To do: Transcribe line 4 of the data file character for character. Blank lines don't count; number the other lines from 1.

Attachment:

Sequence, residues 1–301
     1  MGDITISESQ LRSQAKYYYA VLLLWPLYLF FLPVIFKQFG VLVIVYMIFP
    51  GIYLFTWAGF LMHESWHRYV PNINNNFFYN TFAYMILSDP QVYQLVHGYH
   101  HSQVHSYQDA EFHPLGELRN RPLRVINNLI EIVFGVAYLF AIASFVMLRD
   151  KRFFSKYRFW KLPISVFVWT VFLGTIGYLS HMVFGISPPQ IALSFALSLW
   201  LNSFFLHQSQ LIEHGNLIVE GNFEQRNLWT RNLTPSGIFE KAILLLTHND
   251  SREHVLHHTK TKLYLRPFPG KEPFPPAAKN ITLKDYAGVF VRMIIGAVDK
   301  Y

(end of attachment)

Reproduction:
   101  HSQVHSYQDA EFHPLGELRN RPLRVINNLI EIVFGVAYLF AIASFVMLRD